Busy month for best-loved town

Words by:
Glynis Fox
Featured in:
September 2015

Stamford is preparing for an exciting few weeks when it will welcome visitors from destinations worldwide to the annual Burghley Horse Trials and the town’s second Georgian Festival.
The events promise to start and end the month on a high note, by injecting extra buzz and vitality into a part of the UK which is traditionally a magnet for both tourists and shoppers.

The world-famous Burghley Horse Trials take place from September 3rd to 6th, getting the month off to a flying start for sporting fans and shopaholics.

Stamford’s second Georgian Festival (the first one took place two years ago) is certain to draw more people to the town for the main event, which runs from 25th to 27th September. There are also curtain-raiser events on 24th September.

The Burghley Horse Trials, featuring dressage, cross country and showjumping, attracts an international field of riders and a phenomenal following. The spectacle was recently named in the Financial Times as the eighth largest sporting event in the UK, by attendance. (The aggregate figure for 2014 was 166,000 people.)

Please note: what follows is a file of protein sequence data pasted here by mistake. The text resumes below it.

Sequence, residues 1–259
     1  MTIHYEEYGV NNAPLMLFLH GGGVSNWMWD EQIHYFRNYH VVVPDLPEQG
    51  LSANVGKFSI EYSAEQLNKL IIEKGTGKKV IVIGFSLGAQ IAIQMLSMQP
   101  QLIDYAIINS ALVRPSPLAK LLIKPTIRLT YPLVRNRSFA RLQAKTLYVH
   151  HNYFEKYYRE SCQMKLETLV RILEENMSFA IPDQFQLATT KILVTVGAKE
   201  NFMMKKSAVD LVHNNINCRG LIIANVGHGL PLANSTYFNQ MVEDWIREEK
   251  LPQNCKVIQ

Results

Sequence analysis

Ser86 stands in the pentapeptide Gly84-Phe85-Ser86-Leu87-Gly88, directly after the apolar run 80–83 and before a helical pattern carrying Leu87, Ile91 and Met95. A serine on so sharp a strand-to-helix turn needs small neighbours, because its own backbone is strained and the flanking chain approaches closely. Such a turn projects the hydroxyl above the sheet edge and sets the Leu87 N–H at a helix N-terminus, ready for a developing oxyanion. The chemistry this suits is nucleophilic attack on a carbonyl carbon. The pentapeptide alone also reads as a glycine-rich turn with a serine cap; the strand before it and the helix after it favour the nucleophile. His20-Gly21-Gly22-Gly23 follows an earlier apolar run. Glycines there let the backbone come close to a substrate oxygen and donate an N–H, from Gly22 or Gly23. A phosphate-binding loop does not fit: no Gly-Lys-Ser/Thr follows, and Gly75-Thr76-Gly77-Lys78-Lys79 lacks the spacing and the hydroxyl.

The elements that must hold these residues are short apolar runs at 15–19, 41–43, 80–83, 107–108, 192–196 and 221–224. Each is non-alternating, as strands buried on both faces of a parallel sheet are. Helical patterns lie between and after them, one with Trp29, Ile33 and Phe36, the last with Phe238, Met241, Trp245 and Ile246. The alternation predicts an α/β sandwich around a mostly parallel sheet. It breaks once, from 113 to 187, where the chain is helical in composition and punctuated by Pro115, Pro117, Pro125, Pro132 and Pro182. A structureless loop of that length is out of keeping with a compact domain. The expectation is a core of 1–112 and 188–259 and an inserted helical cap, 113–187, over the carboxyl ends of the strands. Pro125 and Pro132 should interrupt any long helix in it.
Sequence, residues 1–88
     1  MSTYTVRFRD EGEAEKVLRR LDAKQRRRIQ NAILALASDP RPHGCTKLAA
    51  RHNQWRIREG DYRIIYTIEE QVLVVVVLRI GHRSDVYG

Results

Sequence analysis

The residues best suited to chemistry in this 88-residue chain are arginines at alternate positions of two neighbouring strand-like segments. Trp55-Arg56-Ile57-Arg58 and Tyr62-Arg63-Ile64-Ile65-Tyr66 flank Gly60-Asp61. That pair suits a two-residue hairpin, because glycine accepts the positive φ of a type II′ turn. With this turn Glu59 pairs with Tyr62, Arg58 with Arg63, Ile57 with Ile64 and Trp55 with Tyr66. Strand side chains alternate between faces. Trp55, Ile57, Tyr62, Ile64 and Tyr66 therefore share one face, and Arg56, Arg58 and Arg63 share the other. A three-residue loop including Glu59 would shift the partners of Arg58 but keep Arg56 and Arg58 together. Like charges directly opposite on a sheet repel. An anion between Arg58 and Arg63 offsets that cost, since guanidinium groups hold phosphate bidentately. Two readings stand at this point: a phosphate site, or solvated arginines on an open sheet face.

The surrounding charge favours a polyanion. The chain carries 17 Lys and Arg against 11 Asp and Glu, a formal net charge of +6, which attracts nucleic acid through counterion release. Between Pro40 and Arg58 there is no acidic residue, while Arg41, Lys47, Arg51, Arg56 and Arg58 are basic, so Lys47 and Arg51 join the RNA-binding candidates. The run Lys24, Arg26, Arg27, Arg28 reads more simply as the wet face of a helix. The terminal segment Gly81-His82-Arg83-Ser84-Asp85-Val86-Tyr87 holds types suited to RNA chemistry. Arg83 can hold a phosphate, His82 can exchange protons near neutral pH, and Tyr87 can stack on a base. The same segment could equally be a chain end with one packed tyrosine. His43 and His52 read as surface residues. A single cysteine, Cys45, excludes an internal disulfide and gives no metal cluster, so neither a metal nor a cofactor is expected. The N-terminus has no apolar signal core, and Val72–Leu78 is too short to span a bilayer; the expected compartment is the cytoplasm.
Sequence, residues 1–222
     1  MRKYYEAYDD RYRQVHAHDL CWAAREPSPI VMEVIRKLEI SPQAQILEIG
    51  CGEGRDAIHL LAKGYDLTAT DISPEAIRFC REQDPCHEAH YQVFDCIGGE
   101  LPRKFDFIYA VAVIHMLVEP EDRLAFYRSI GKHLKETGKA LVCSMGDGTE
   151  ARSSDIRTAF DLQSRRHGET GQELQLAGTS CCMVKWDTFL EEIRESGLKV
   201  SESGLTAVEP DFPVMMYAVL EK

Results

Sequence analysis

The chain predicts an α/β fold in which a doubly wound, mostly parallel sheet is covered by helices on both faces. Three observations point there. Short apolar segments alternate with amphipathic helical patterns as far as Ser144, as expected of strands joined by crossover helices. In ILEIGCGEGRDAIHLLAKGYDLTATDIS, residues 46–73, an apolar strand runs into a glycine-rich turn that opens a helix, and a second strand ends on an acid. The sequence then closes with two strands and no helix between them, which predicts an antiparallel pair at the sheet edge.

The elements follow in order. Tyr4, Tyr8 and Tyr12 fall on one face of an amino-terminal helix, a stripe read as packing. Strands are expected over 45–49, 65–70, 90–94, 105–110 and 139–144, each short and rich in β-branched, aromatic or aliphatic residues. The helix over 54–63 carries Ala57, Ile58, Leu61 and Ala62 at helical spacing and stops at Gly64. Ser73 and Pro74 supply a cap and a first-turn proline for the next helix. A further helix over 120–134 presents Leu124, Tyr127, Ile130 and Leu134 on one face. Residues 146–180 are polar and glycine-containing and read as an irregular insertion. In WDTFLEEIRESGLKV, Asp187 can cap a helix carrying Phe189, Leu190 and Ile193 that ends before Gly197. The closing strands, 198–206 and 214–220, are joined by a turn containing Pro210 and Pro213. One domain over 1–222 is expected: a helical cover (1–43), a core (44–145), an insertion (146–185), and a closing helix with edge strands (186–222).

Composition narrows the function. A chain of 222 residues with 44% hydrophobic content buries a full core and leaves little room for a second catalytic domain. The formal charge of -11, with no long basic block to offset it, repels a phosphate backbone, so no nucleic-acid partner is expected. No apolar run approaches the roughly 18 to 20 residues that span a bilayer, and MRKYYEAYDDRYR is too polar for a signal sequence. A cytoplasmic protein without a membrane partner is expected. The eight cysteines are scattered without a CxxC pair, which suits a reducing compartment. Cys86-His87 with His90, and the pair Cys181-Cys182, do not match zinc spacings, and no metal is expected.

This year the central area of Burghley Park will be partially closed off to pedestrians and unauthorised vehicles, as a safety precaution, as the event virtually entails building a small village!

The restriction will be in place until the event starts on 3rd September and will be reinstated again, from 7th to 18th September, to allow the site to be dismantled.

Apart from the Trials being a real highspot in the equestrian calendar, there are lots of other aspects for visitors to enjoy, including a ‘shopping village’ – with more than 600 traders – and a food walk.

If you are looking for luxury goods, bespoke furniture, rural crafts and handmade gifts, there is plenty to catch the eye.

Stamford itself, of course, is a great place to go shopping all year round, particularly if you like browsing and buying against a backdrop of architecturally interesting buildings.

And the town’s Georgian Festival shouldn’t be missed, if you want to soak up the essence of a time when the town was really growing and starting to make a name for itself. This year there’s a great blend of attractions in the crammed festival programme and, as its events manager Suzanne Lewthwaite said, it won’t be surprising if the number of visitors heading for the extravaganza tops the number who turned up on the Saturday of the 2013 event.